How To Recognize Leaking Amniotic Fluid And What To Do?

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The fetus is surrounded by and cushioned in a clear, yellowish fluid in the womb known as amniotic fluid. Some women may experience leaking amniotic fluid during pregnancy, too much of which may be harmful.

The amniotic fluid comprises hormones, immune cells, nutrients, and urine produced by the fetus. The fetus starts swallowing and excreting this protective fluid at around 20 weeks. The amniotic fluid helps fetal movement and growth. Also, it prevents infections and injuries to the fetus, supports organ development (e.g., kidneys, intestines, and lungs), and protects the umbilical cord from compressing.

Keep reading this post to learn more about amniotic fluid leakage, how to differentiate it from the leakage of other fluids such as urine or vaginal discharge, and what to do in such cases.

What Is Leaking Of Amniotic Fluid Or Premature Rupture Of Membranes (PROM)?

The premature rupture of the amniotic sac membrane or water bag before the start of labor is called premature rupture of membranes (PROM). If it occurs before 37 weeks, it is called preterm premature rupture of membranes (PPROM). Premature rupture of membranes is rare, and no definite cause is identified despite various etiologies (1).

Quick fact
PROM occurs in about 8 to 10% of all pregnancies, whereas PPROM affects about 3% of all pregnancies (11) (17).

Normal Levels Of Amniotic Fluid

The normal levels of amniotic fluid vary according to gestational age. The amniotic fluid is visible after 12 days of conception, reaching the highest volume at the 36th week of gestation and declining near birth. Your doctor will measure the amount of amniotic fluid through ultrasound during your prenatal visits. An average amniotic fluid index is between 5cm and 25cm (2).

Amniotic fluid levels during your pregnancy can be (3):

  • 60ml at 12 weeks
  • 175ml at 16 weeks
  • Around 400-1200ml between 34 and 38 weeks

The fluid level declines by around 125ml a week at 38 weeks of gestation and decreases to around 800ml by the 40th week.
Leakage could result in too little of the amniotic fluid in the sac, which could be problematic. Hence, you should detect a possible amniotic fluid leak and seek medical help.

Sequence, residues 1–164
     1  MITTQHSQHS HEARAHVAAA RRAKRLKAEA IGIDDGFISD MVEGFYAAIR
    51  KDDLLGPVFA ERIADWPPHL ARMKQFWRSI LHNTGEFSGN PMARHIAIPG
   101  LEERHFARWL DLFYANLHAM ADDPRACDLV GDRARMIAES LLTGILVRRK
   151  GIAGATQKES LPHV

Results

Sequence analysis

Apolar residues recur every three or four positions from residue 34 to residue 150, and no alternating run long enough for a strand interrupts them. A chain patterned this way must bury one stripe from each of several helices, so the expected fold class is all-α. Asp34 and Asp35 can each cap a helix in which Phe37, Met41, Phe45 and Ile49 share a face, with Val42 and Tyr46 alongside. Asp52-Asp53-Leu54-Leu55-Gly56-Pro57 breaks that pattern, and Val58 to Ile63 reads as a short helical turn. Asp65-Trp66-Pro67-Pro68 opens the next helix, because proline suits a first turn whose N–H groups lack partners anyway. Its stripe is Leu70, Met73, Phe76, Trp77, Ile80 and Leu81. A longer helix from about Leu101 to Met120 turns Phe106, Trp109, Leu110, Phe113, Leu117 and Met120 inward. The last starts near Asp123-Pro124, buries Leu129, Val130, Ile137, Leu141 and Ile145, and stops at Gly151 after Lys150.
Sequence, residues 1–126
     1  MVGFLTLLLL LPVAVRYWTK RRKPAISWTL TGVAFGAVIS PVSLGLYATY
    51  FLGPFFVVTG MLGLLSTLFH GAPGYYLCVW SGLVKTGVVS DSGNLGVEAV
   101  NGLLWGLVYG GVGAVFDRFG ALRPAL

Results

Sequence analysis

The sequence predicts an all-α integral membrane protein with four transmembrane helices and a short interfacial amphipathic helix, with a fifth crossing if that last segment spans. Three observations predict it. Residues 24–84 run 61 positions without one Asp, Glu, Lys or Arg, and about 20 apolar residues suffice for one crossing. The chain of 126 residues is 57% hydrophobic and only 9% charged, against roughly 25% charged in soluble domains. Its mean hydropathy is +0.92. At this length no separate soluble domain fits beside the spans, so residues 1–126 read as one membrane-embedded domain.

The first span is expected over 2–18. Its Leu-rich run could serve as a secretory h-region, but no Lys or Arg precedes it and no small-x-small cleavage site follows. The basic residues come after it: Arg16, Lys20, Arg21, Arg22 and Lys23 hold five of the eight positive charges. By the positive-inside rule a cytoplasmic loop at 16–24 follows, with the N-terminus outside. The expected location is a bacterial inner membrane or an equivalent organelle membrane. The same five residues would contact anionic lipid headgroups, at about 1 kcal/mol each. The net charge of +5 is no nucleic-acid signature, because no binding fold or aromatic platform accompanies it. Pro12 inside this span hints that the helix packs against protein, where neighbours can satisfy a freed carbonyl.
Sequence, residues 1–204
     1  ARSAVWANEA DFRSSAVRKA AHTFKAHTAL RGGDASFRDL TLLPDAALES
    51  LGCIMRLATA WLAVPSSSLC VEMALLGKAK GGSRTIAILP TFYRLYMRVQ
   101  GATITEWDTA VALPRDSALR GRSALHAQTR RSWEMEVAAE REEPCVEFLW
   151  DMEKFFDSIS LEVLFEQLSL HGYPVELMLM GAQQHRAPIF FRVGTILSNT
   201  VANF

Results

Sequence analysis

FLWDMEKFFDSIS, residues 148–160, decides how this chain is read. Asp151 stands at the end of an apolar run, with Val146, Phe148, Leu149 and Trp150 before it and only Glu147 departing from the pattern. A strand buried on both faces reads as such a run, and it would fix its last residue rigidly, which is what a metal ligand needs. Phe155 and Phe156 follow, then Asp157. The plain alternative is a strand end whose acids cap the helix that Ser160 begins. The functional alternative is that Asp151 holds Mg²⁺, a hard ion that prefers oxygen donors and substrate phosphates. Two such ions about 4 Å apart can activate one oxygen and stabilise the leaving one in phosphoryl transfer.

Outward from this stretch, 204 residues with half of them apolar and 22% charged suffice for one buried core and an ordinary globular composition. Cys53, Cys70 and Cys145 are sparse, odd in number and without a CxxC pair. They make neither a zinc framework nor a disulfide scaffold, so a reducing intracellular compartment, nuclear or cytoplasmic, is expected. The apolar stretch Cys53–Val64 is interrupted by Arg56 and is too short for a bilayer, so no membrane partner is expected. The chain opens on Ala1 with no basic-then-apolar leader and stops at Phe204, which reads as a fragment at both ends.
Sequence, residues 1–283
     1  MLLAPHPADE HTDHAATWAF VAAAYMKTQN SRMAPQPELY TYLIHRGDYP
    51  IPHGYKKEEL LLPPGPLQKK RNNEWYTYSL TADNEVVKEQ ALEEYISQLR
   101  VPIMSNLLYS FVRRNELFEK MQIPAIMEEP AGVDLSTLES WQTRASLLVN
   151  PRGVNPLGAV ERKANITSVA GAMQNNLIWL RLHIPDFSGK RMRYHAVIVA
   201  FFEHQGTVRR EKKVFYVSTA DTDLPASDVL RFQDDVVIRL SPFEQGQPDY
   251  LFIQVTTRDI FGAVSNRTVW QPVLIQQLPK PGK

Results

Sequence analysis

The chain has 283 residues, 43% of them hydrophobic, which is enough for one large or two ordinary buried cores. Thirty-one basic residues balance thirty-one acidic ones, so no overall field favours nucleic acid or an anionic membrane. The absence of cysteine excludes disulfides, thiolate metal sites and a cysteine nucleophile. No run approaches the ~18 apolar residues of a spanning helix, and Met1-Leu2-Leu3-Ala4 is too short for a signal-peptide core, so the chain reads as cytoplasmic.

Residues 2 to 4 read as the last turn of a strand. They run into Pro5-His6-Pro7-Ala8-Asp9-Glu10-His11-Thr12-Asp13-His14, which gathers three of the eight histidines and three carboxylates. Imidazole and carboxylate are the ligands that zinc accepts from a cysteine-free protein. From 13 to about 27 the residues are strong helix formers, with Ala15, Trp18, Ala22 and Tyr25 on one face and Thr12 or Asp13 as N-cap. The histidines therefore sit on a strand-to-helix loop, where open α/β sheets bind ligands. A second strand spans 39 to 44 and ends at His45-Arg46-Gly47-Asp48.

Signs And Symptoms Of Amniotic Fluid Leak

Amniotic fluid come out in a gush when the membrane ruptures. This is also known as a water break, and it usually happens when you enter labor. A small hole in the amniotic sac, it may lead to a slow fluid leak, which feels like the trickle of fluid down to the vagina. Women may find it difficult to determine between amniotic fluid, urine, and vaginal discharge.

The following signs may help you identify amniotic fluid (4):

  • Clear or colorless
  • Present with mucus or blood
  • No odor
  • Does not stop leaking
  • Soaks pad or underwear often

It may not be amniotic fluid if there is:

  • Odor
  • Light- or pale-yellow color
  • Thick mucus or look milky

Urine and vaginal discharge have a peculiar odor and color. You may use a pad or panty liner to check these aspects. Another way to know is by holding your pelvic floor muscles for a few seconds. If it is urine, the leakage will stop. If it doesn’t stop, it is probably an amniotic fluid leak. These home tests to confirm amniotic fluid may not be helpful for all women. It is advised to get medical help if you are not sure it is not amniotic fluid.

Did you know?
Reviewed by UK NICE, vision ALD is a panty-liner with a removable indicator strip that helps detect leaking amniotic fluid as a cause of vaginal wetness (19).

Causes Of Premature Rupture Of Membranes

A premature amniotic fluid leak may occur from membrane weakening and uterine contractions. The possible risk factors of PROM include (1):

  • Smoking
  • Recreational drug use
  • Alcohol use
  • Uterine infection
  • Accidental trauma
  • Polyhydramnios or too much amniotic fluid in the sac